African Environmentalists Praise China's Ivory Ban
China has made the sale of ivory in the country illegal.
Conservationists have welcomed the decision. They say any legal ivory trade in the world hurts efforts to stop the killing of elephants.
Max Graham is the Chief Executive of the group Space For Giants which works to protect elephants. He said, "There's a new conservation superpower in the world that is taking its responsibilities seriously."
He said that the ban on the ivory trade will support a larger struggle against all kinds of illegal trade in wildlife. The traditional use of wildlife parts in Asia, and especially in China, he said, has been responsible for the loss of "rare species around the world."
China announced the ban at the end of 2016. The measure went into effect in December 2017. Conservationists are pleased about China's decision, but they worry about its enforcement.
Frank Pope is the chief of another environmental group, Save the Elephants. He believes the ban could greatly improve the future for elephants. But there is one problem, he says.
"You're going to see secondary markets," he notes. Pope adds that these markets are "...in Vietnam, in Laos, in Myanmar and in Hong Kong. All of these places have markets that have boomed" when China announced its ban.
Philip Muruthi is an official with the African Wildlife foundation. He also welcomes the ban but notes the importance of keeping new markets from growing.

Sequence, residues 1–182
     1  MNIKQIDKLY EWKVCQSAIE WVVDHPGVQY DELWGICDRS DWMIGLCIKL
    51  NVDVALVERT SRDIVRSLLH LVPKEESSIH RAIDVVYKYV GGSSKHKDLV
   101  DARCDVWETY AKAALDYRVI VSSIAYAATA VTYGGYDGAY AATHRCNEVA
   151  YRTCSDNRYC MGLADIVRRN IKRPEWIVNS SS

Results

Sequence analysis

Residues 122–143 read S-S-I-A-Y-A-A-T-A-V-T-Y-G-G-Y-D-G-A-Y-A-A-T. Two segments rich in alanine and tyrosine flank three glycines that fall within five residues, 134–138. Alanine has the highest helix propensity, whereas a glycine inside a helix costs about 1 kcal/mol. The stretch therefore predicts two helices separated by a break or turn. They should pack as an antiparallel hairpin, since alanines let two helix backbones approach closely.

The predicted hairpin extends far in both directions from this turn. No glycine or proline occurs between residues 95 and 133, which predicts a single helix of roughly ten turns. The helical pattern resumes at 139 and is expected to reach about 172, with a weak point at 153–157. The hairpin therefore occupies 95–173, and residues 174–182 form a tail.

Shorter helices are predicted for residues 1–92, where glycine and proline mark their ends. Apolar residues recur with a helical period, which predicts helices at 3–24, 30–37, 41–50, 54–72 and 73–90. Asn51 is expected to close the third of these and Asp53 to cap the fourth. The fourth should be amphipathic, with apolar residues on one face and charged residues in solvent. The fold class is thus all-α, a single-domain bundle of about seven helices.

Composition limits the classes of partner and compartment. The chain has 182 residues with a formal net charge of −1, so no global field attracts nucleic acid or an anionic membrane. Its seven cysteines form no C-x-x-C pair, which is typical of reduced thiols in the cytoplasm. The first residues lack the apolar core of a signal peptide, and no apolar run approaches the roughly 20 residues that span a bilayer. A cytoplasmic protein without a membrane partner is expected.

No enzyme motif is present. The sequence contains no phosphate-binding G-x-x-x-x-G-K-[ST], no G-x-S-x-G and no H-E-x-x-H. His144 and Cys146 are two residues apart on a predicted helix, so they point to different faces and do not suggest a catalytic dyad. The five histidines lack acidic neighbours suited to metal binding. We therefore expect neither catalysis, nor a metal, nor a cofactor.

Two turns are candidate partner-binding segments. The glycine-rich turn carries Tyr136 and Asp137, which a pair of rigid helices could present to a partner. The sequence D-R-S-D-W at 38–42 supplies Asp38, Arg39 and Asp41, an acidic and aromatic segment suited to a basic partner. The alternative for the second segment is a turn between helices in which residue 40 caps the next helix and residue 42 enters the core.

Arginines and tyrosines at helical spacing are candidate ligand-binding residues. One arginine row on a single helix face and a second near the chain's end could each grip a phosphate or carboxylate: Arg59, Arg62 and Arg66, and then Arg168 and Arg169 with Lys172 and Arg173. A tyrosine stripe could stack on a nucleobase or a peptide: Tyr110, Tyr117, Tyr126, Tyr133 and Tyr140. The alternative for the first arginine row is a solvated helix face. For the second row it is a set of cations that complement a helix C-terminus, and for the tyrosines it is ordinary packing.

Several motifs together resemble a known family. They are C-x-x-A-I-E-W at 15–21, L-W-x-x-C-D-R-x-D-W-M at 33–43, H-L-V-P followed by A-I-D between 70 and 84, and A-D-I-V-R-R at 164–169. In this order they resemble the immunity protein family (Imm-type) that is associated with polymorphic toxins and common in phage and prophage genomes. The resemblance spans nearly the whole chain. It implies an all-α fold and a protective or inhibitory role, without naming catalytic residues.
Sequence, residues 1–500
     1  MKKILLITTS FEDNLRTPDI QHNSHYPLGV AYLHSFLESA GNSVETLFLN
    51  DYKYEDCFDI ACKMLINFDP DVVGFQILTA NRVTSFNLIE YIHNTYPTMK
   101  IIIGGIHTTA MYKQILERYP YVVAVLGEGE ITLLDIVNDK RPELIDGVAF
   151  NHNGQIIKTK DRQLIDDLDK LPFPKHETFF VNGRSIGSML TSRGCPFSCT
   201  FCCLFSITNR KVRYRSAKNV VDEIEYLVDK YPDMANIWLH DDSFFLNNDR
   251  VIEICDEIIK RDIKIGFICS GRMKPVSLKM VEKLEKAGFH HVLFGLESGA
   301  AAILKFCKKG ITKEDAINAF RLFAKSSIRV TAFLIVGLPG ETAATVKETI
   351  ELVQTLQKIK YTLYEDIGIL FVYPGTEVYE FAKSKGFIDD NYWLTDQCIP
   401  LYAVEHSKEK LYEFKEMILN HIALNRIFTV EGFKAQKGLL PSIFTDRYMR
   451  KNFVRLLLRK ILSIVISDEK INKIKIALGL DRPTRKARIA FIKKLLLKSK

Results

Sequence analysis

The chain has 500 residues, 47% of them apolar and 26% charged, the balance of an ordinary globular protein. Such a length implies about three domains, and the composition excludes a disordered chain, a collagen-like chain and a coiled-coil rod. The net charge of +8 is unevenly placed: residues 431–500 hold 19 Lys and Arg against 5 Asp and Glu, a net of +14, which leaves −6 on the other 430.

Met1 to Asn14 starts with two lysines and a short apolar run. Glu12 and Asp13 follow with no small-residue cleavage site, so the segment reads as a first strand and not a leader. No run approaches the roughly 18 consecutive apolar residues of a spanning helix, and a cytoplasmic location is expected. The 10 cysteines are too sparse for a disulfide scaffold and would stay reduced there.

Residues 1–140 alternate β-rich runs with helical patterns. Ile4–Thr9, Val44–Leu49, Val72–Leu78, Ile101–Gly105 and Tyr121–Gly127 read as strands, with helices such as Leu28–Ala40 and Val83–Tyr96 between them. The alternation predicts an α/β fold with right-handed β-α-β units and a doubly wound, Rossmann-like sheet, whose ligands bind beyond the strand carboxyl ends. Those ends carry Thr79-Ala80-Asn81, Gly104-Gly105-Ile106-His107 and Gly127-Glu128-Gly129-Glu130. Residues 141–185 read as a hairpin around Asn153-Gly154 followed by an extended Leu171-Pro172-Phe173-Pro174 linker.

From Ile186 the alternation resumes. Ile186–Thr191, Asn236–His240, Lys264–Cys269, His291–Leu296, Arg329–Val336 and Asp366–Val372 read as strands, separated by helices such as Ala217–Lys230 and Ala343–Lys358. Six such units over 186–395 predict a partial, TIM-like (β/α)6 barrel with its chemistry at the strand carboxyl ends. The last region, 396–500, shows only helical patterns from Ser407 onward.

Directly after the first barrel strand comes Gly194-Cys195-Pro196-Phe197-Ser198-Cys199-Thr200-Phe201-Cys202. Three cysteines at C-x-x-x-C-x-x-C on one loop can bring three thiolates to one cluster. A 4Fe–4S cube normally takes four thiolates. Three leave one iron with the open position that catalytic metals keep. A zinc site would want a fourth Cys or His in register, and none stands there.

"About 35,000 elephants...are lost each year. There are 415,000 on this continent (Africa). That means that in 20 years...we will not have any elephants," he said.
He added that the loss of the elephant population would destroy Africa's wildlife tourism and the jobs that it creates in countries like Kenya and South Africa.
"It's about the African peoples' well-being. It's about our heritage," he said.
Conservationists say that stopping the illegal killing of elephants for their ivory tusks is important, but so is managing their living areas. They urge African governments to do more to reduce threats to wildlife.
I'm Susan Shand.
1.illegal trade 非法贸易
The illegal trade in animal products continues to flourish.
2.worry about 担心
Today he does not have to worry about making a living.
3.be responsible for 对...负责
I feel partly responsible for the problems we're in.
4.at the end of 在...尽头
He parted with us at the end of the trip.
5.The measure went into effect in December 2017.
went into effect 生效
This year a new media law went into effect in China.
The law went into effect Tuesday.
6."There's a new conservation superpower in the world that is taking its responsibilities seriously."
take responsibilities 负责任
No one takes responsibilities in this country!
He takes his responsibilities as an officer very seriously.
环保人士对这一决定表示欢迎 。他们表示，任何地区的象牙贸易合法化都伤害了为阻止大象遭杀戮所做的努力 。
马克斯·格雷厄姆（Max Graham）是大象保护组织“Space For Giants”的首席执行官 。他说，“一个新的超级大国正在认真地扛起自己的担当 。”
他说，象牙贸易禁令为开展规模更大的打击各类野生动物的非法贸易提供了支持 。他指出，亚洲尤其是中国对野生动物身体部分的传统使用是造成“全球稀有物种”减少的原因 。
2016年年底，中国宣布了该禁令 。禁令于2017年12月开始生效 。环保人士对中国的决定感到高兴，不过仍对中国的执法力度感到担心 。
弗兰克·波普（Frank Pope）是另一家环保组织——“拯救大象”的负责人 。他认为，这项禁令可以极大地改善大象的未来 。但仍然存在一个问题 。
他指出，“你会看到二级市场” 。波普继续说道，这些市场分布在“越南，老挝，缅甸以及中国香港 。当中国宣布该项禁令时，这些地方的市场仍然欣欣向荣 。”
菲利普（Philip Muruthi）是非洲野生动物基金会的官员 。他也对这项禁令表示欢迎，不过他指出，遏制新市场增长十分重要 。
“每年约损失35000头大象 。而非洲大陆现存有415000头大象 。这意味着20年内……非洲大陆的大象将会绝迹” 。
他说，“这攸关非洲人民的福祉 。同时关系到我们的遗产 。”
自然资源保护人士称，停止非法猎杀大象获取象牙迫在眉睫，但管理它们的生活区域也不容忽视 。他们敦促非洲各国政府采取更多措施降低对野生动物的威胁 。